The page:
Finally this framework also counts with a Cryptography package, to manage your passwords in multiple formats (MD5, SHA1, SHA-256, et al.) and to encrypt any kind of data to be shared.
This kind of projects are very demanded nowadays because of the SaaS and MBaaS architectures, and like I said in previous post, having Jersey makes your RESTful tier compliant with JAX-RS, Guice and Dependency Injection compliant with JSR-330 and the so long standardized Servlet 2.5 spec compliant with any Java Enterprise Application Servers. This makes the app more portable in terms of code sharing/reviewing and more focused on the BackEnd business logic, allowing a more agile workflow for distributed teams.
My next adventure will involve RESTEasy and Servlet 3.x spec! Stay tuned!
I started my journey into the depths of Google Guice last year during an Android Coursera MOOC, it was really interesting and I really enjoyed using this Framework for the MOOC.
After my previous encounters with Spring Framework (and Spring Boot features), I wanted to give another DI Framework a try, so I could learn more about this fabulous and helpful design pattern.
I wanted to build the ultimate Java Web Application skeleton, having all the necessary frameworks to start coding RESTful web services for my current projects at work and at the same time keep the integrations as simple as possible, making the application extendable without loosing common features.
I started with the standards. I found a lot of blogs and code about Jersey framework, which was developed by the Oracle guys, so I gave it a try. My experience with Jersey was very successful, in fact I had 4 projects in one year involving this framework.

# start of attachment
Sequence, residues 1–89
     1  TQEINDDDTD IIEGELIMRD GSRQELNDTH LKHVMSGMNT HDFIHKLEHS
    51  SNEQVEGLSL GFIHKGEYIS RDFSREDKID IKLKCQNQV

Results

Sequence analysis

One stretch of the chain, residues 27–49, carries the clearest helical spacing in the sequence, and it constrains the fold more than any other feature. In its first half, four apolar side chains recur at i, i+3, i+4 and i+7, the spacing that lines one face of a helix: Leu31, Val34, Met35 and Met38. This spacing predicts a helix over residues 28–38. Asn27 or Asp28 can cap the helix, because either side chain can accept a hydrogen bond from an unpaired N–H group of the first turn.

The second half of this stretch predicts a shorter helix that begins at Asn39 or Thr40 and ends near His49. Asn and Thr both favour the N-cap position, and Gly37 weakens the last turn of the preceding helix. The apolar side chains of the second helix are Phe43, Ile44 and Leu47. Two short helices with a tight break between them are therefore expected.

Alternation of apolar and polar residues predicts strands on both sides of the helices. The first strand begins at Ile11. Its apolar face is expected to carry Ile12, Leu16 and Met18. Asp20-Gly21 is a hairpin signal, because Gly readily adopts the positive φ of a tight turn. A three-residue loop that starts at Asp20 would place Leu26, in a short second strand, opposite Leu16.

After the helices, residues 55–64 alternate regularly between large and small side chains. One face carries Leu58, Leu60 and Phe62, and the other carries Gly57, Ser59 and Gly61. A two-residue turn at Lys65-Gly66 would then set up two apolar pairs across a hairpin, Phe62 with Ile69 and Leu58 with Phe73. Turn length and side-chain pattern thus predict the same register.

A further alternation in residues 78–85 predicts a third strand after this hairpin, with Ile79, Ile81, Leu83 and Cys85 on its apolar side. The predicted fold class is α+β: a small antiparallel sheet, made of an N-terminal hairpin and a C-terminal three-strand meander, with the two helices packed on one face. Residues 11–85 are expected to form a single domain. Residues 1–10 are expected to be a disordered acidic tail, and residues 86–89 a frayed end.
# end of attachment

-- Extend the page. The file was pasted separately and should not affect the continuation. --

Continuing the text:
My Main motivation on starting these integrations was to have a way to port all my coding experience and algorithms across different projects, with the less amount of changes as possible and leveraging all the power of the Java language and its annotations.
The main benefit from this approach, was that I found the code very portable and lightweight. I didn’t know when CDI and Oracle’s implementation of JSR-330 was going to get viral, so I decided to use Google Guice’s @Inject and @Provides annotation, but the code is portable enough to use javax’s implementation of @Inject. In this page you can find Google Guice’s doc on JSR-330 and the key differences with Oracle’s Java implementation.
Jersey 1.18.1 (Update: the last 1.x version is 1.19)
Guice 3.0 (Update: The last version is Guice 4)
With this architecture you can stay in the Back-End world with JAX-RS Compliant Endpoints, integrate more frameworks like Hibernate with Guice Persist, use GSON to serialize back and forth POJOS without touching the Jersey’s Jackson configuration. Also this allows you to host your Front-End frameworks in another server or package system, which is a pretty common practice nowadays (MBaaS and SaaS architectures) to decouple Back-End and Front-End. This last also helps when having distributed teams, and their responsibilities.
This was my first Adventure with Google Guice and Java Web Applications, but not the last.
In fact this is going to be the first post in a series of experiences I earned last year. Stay tuned for more Guice Integration Adventures.
Next Adventure: RESTEasy + Servlet 3.x
The next posts will feature Servlet 3.x Spec and RESTEasy implementation of JAX-RS library.
This one happened to me earlier this year. I was coding a DAO using Hibernate, and I got to the part of configuring a 2nd Cache Level. The whole team decided that it would be a best practice to use Terracotta’s Ehcache Server, which is considered one of the best Java cache Servers out there.